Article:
Friday, June 15, 2007

Quebecois Gil, Aussie girls Tamara, Selena

Pictures: My hammock between 2 rubber trees on the last 5 day course;
Gil, Quebecois flatmate, back from the Tall Ship.

Gil, my quebecois flatmate with Marie-Eve, has come back after 2 months on the Puteri Matsuri tall ship. Marie stays on another month. It's good to have a flatmate again.

We talked about outdoor activities being therapy if you are too mentalized - or caught up in thoughts, as we both tend to be. He said whitewater kayaking had helped him ground himself and "encarnate" into his body, rather than be disincarnated. The same can be said for me - I have a tendency to ruminate, or think too much, and outdoor sport is good for me.
On the same note, David, who is from OZ and head of corporate activities here at WC, is a good example of how outdoor activities can transform a person. He explained that in his teens, he was a bookworm, and was starting to take drugs, then at 17, his mother sent him for a month with outward bound Queensland. He trekked in the jungle, canoed, abseiled, suffered, and failed at everything. But at the end of it, he had enjoyed using his body for the first time, and it changed him. Later, he worked for OB for 2 years as an instructor. He's also worked in Switzerland.
Gil's parents are interesting - his father is 55 and cycles, climbs up mountains with snowshoes and skiis down with a snowboard. Gil never has to wait for him - he is very fit. His mother is a doctor. When they were younger, their parents covered a room with paper, and got he and his sister to throw paint as they wished - free artistic creation.
The other evening, after the MOE course, we had Tamara and Selena - two aussie girls over for drinks, talking and a DVD. Watched "the Guardian" about rescue swimmers in the Alaska coast guard. Pertinent to our jobs, as it involves first aid, risky situations, fitness, the outdoors.
Selena said she knows the first aussie female rescue swimmer, who has just graduated in the Coast guard. Selena hails from Victoria, where she has worked in a variety of summer camps. Also was on course with a guy who done 3 tours of duty in Irak, and had killed numerous terrorists - interesting.

Tamara graduated from the same place as me - Cairns TAFE, but a year before me. Has worked around Brisbane, with Coefficient, an agency that sends you out for a few weeks at a time to various camps. I had heard of it before, and it sounds like a place I would like to work for, for a while. A good way of avoiding routine, and of seeing how different camps operate.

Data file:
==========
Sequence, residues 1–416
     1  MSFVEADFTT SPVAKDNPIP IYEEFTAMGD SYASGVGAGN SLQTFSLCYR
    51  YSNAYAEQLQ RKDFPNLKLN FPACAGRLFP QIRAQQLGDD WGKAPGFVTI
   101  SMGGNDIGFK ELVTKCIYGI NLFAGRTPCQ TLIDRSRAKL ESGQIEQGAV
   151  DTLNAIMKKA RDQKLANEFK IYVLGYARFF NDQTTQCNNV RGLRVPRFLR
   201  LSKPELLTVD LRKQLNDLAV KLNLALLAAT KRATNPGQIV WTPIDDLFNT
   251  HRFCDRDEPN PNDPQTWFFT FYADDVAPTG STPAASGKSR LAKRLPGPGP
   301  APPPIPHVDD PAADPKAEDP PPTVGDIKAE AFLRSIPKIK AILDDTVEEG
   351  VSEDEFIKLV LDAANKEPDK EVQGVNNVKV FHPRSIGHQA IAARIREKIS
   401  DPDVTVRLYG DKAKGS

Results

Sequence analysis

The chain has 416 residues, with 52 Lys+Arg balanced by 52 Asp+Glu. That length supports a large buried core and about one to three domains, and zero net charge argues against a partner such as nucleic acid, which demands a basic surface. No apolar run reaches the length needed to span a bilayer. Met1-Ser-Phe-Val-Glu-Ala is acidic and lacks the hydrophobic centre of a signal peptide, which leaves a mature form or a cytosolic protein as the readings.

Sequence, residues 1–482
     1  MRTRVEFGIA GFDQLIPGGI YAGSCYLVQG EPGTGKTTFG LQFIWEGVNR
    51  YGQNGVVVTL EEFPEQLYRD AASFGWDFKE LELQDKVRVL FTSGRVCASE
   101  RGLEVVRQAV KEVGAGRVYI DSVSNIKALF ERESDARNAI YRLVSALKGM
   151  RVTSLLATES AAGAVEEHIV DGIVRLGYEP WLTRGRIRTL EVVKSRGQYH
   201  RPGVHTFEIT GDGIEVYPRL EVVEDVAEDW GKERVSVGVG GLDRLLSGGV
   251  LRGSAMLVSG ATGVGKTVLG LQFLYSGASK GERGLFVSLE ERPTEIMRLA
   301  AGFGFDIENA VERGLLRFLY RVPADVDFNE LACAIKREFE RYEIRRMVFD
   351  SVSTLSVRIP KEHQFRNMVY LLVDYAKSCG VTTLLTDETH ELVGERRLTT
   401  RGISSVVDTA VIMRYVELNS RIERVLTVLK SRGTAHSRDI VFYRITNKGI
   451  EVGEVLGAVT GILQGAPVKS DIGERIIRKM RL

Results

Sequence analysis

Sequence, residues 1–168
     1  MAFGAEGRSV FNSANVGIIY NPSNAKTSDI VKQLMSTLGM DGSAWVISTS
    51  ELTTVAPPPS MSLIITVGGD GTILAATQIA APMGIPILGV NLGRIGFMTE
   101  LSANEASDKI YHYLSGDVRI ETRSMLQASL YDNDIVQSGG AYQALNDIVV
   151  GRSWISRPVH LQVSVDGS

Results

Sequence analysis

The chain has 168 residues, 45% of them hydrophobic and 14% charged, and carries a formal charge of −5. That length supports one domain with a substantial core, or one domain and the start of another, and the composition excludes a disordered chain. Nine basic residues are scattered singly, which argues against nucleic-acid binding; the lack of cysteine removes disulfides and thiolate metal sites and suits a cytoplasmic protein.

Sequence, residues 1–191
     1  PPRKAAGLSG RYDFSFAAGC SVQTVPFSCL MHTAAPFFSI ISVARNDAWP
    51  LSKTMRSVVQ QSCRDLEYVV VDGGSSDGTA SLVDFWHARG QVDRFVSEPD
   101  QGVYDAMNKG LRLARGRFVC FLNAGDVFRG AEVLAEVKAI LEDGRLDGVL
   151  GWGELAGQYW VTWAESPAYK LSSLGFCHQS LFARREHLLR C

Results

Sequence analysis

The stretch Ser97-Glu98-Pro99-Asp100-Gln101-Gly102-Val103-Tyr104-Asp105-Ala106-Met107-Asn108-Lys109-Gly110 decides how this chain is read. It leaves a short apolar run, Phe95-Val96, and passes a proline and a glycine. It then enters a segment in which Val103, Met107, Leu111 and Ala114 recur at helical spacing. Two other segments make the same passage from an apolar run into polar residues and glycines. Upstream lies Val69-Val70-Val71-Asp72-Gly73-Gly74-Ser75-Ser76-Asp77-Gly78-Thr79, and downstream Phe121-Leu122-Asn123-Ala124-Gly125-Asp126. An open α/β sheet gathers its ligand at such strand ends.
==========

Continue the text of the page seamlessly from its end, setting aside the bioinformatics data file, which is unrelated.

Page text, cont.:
I gave them tips on how to handle the Malay students, the long hours that we do and so on. The kids rarely say "I don't understand" - they smile and nod, then you realize they did not understand you at all. Which can make teaching difficult. There are ways around it - to use mime instead of talk, to get them to perform a kayak stroke in front of you, etc. The other thing is, the kids are passive - you get more initiative from 12 yr old in oz than 16 yr olds here. example: a tarp needs folding: 4 people will gather around the tarp and just stare at it.... So they need to get kicked in the backside - I actually mime kicking them , without hitting them. they laugh, and understand I want them to move their butts.

I explained my hammock system to them - as pictured above. Much lighter than a tent, and fun to be in. Also my cooker system where I make porridge for myself in the morning, as well as coffe or Milo 3 times a day.

Selena had a good 1st aid story, where she had to stabilize and evacuate a boy who has a big gash in his leg. We also talked about John Marsden, who wrote the "Tomorrow series" book for kids, about a group of kids who have to act as guerillas when their town is taken over by an armed band - very politically incorrect to actually stand up to thugs and shoot them, but healthy as, in my opinion. Marsden has opened a special primary school in victoria, called "Candlebark", where kids can cycle around huge grounds, use power tools (yes), and where other innovations have been introduced. It was great to be mixing with such stimulating people, and it made me realize how pleasant young outdoor aussies can be to talk with.

Here's the website for the Candlebark school in Victoria, set on 1100 acres. sounds healthy:

1 comment:

Cecilia said...

*Love* your hammock up there in the leafy heights, it looks like a blissful place to sleep, or just lie quietly, gently rocking!